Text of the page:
I Award the SQA a FAIL – Part 2

I still haven’t calmed down.

I want to add a few points to my article from yesterday.

  1. The SQA is a Government Agency that polices itself. There is no external scrutiny. This lack of accountability needs rectified as a matter of urgency. The organization is no longer fit for purpose.

 

  1. The ‘credibility’ issue – The Government claims, had it not agreed to the downward moderation of grades, that the potential ‘inflation of grades’ would have affected the value and credibility of national qualifications. WRONG. Had teachers’ professional judgement been rubber-stamped this may actually have increased the credibility of using continuous assessment as the tool by which awards are made – as in the Scandinavian model. It would have also made the SQA look as if it actually trusted teachers. You can’t trust teachers 75% of the time, particularly when those same teachers whose grade estimates have been downgraded are then enlisted and entrusted to mark the appeals. I would also highlight that there are many teachers who are Team Leaders and Markers for the SQA whose grades have been downgraded despite getting their estimates year in, year out, absolutely spot on. That ironic situation is irrational and illogical. I know of one pupil who was estimated an A (not at this school) and received an award of D. Is that a ‘credible’ result?

 

  1. You cannot compare continuous assessment results with examination results. Any educationalist with even half a brain could tell you that pupils’ achievement in continuous assessment is going to be far higher than the results where the main reliance is on a high-stakes, panic-inducing examination. Pupils can misinterpret the question, can answer a question that has not been asked, are in a context that is very different from the school classroom (often with an invigilator they do not know) and, on top of all of this, are nervous about the prospect of failure. An award based on continuous assessment has fewer of these pitfalls. Why can’t a system be predicated on success rather than predicated on failure? Do we question the pass marks in Undergraduate courses at University?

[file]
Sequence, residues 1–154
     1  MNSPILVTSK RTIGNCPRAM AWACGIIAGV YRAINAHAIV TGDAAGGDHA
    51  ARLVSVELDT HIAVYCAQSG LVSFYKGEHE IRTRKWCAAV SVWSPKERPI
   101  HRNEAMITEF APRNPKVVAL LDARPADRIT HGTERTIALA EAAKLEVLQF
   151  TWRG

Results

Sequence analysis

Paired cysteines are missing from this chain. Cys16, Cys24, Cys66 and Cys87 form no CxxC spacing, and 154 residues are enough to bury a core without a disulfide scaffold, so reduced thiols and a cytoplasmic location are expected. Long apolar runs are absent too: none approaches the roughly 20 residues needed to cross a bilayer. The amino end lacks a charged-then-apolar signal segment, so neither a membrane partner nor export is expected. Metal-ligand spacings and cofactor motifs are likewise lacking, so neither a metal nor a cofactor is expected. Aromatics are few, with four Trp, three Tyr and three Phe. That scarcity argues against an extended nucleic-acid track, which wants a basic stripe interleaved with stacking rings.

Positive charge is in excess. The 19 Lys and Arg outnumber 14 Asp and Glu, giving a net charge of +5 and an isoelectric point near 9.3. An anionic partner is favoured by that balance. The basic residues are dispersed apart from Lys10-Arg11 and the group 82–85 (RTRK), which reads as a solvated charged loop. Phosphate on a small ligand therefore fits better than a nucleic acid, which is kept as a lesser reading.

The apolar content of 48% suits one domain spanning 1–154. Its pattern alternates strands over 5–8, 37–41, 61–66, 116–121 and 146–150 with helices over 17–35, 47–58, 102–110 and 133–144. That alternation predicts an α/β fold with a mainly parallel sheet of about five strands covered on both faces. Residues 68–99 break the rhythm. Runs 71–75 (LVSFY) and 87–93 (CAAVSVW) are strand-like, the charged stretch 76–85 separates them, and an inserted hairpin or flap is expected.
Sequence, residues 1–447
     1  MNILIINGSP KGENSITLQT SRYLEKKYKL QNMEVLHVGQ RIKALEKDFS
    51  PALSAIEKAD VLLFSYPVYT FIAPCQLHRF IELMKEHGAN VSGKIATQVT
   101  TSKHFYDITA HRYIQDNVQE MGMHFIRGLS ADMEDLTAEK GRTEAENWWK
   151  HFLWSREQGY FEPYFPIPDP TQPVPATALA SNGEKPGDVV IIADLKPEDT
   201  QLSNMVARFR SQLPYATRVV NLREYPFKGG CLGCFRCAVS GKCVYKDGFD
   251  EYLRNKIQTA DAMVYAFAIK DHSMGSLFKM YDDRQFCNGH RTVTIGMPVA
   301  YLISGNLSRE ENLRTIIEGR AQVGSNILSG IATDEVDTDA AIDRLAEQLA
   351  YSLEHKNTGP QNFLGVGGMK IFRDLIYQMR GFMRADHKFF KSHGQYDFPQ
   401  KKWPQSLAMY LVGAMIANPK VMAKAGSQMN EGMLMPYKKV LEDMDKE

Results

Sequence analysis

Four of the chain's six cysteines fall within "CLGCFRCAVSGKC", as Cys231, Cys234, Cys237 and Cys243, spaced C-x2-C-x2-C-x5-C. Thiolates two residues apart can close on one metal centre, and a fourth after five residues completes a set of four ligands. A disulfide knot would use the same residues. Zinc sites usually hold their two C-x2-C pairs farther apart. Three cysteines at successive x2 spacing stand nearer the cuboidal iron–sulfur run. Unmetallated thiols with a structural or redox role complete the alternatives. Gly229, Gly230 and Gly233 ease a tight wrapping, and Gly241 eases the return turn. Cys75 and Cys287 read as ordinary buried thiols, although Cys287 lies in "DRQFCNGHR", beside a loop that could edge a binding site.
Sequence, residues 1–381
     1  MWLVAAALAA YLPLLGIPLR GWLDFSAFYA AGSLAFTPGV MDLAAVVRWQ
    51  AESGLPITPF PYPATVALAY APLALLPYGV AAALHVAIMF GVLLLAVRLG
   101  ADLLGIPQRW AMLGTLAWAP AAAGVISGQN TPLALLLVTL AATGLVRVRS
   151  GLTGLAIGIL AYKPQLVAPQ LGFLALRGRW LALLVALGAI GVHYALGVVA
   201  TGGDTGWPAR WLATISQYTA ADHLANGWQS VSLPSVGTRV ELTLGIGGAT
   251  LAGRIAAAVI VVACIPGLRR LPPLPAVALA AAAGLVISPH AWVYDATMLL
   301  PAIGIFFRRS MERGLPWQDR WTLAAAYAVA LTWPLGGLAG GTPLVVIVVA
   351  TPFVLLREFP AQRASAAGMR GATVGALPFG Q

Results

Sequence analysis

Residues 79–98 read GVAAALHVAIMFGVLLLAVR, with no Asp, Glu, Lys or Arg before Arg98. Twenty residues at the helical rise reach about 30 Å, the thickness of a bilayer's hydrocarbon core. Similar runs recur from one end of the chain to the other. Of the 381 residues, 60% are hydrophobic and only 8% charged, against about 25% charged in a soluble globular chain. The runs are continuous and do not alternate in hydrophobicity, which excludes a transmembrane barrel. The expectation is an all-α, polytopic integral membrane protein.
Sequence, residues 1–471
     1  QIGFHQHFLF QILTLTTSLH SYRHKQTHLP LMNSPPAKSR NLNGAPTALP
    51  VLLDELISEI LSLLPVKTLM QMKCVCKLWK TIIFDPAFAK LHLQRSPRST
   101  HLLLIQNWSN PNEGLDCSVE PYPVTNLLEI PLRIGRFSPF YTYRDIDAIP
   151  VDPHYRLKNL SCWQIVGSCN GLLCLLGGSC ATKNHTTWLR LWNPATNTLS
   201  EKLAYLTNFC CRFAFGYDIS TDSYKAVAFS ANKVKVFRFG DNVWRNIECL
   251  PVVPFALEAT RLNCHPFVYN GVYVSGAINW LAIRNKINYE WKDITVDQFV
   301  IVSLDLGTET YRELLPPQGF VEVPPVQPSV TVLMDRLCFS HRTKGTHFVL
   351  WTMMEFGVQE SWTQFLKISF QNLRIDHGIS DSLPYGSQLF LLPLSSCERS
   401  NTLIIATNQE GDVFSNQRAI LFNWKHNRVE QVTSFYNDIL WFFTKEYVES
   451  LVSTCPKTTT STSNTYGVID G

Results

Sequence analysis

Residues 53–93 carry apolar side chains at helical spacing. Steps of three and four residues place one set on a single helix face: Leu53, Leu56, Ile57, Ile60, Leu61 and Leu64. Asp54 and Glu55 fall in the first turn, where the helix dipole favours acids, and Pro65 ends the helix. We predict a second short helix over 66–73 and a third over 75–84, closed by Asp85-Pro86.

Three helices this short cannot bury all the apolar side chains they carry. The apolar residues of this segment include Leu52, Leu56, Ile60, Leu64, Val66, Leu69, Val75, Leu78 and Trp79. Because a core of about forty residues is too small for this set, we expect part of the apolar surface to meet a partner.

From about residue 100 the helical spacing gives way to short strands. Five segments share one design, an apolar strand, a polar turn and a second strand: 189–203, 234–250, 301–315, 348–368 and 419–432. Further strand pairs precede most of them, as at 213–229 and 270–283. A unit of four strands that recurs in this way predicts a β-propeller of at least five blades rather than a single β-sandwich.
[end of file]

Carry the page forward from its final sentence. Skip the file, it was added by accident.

1. The fact that so many teachers and Head teachers have to announce their criticisms under the cloak of anonymity tells you everything you need to know about the politicization of our education system. No one is allowed to criticize. We are pretty close to be living in the most totalitarian system in Europe where honest appraisal is not allowed if it contravenes the ‘party line’. This is not only dangerous, it is educationally ignorant.

 

  1. We were told this new system of assessment would not disadvantage any pupil. That is an outrageous statement. Thousands of pupils have been disadvantaged. How dare the SQA receive the professional judgement of a teacher and downgrade it because of some lunatic statistical algorithm.

 

You can probably tell by now that I am not going to let this issue rest. Can I ask all readers who agree with the sentiments expressed in this post to contact their local MSP and express your disgust at the rubbishing of Scotland’s pupils’ attainment?

What a sad indictment that at a time when trillions of pounds has been spent on grants, on the furlough scheme, on the reduction of VAT, on the ‘two meals for one’ policy, where every aspect of our society has been listened to and helped, that it is our young who get royally fleeced.

What is happening to Scotland, once the pinnacle of educational competence and held in such high regard throughout the world? I’ll let you provide your own answer to that question (please see above for clues).

 

Rod Grant
Headmaster

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